The sketch annexed shows the course within the scope of effective fire, which is about two statute miles. It will hardly be questioned that a decent sea steamer should run ten knots hourly (sea miles) in smooth water; these are equal to eleven and a half statute miles. Of course, she takes the strength of a flood tide and spreads every stitch of canvas to a fair wind, which ought to add another mile, making the total speed twelve and a half statute miles per hour, (three hundred and sixty-seven yards per minute,) at which rate she will pass over a mile in four and three-fourth minutes.
Tracing the assigned course through the scope of the guns on both sides, marked by the circles, it will be found that the distance run is about two miles; that is, the steamer will not be more than ten minutes under fire.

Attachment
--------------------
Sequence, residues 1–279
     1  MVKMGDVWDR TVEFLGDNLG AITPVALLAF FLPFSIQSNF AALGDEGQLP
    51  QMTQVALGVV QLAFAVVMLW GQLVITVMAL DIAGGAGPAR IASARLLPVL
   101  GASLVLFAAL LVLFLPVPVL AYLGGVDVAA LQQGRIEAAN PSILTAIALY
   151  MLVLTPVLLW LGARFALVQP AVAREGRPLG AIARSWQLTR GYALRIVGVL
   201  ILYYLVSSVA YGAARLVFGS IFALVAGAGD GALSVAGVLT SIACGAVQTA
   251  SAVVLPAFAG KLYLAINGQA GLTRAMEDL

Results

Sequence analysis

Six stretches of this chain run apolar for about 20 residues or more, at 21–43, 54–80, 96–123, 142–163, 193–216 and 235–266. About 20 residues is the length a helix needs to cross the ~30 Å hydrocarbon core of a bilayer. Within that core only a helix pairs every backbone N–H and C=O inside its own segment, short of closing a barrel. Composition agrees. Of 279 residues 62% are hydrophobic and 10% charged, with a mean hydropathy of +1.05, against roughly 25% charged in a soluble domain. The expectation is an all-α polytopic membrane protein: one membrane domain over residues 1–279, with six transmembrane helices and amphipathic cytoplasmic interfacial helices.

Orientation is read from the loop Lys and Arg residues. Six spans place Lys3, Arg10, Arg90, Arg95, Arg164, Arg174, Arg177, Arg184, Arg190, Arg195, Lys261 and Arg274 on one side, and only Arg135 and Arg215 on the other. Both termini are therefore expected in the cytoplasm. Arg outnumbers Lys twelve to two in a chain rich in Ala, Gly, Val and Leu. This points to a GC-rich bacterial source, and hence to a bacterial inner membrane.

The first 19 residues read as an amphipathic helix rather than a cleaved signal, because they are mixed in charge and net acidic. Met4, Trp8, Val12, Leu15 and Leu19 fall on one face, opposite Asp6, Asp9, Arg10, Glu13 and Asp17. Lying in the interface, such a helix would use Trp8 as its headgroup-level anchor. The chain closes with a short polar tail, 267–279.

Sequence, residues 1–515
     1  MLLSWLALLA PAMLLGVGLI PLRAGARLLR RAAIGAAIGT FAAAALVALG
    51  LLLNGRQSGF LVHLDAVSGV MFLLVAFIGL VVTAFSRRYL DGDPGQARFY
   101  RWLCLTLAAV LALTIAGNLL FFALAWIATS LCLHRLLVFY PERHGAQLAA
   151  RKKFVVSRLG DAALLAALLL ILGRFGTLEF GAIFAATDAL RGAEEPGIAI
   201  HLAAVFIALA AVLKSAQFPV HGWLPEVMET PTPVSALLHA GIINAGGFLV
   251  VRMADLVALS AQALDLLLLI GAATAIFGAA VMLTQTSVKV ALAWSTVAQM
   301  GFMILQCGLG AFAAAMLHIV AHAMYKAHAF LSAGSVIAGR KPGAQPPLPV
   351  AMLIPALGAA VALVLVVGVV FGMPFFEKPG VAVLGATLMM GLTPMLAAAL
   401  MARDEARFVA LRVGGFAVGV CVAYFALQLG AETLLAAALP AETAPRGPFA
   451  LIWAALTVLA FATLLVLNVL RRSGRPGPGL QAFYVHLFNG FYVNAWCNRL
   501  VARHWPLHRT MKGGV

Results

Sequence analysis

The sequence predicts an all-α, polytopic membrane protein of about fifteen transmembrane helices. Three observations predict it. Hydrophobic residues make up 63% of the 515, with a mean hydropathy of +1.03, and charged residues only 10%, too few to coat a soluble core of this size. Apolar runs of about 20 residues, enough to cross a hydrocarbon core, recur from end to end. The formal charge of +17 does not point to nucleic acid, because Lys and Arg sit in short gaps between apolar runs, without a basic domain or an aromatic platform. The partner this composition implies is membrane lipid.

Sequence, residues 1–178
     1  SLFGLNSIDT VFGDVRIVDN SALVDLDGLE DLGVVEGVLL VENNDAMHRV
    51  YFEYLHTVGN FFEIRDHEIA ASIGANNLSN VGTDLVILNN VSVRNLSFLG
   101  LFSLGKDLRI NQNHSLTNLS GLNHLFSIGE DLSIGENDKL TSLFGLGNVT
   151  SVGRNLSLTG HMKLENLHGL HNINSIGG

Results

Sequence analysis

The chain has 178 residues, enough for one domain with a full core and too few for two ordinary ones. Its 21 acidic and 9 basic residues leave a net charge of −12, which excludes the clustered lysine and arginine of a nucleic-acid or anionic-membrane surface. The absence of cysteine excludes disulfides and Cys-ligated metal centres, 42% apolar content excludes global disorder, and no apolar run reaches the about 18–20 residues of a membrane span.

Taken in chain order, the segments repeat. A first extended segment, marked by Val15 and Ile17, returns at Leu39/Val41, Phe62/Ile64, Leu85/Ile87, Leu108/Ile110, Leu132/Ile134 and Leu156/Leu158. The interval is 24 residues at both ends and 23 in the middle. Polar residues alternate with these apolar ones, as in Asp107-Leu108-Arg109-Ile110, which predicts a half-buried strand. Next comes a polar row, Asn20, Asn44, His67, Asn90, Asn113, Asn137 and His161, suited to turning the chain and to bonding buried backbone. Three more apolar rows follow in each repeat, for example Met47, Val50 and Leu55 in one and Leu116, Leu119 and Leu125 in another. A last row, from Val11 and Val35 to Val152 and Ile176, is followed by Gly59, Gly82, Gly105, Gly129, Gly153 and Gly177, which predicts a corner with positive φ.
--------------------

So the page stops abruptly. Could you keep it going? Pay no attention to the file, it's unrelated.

The 32-pounders and the 42-pounders of the Long Island water battery will require an elevation of about three degrees to reach the enemy, the 8-inch seacoast howitzers about four degrees—both unfavorable to ricochet; for the projectiles will bound high in rising, and with a power much diminished even when the weather is smooth ; but with the ripple occasioned by the moderate breeze, which is supposed to be taken advantage of, the ricochet could not be depended on for direction or force, and therefore the direct firing only will be available on the right hand, especially from Fort Hamilton, which is five hundred yards in rear of the water battery, and the guns there mounted would need at least five degrees; their shot could have no ricochet whatever, and would generally sink where they strike the water.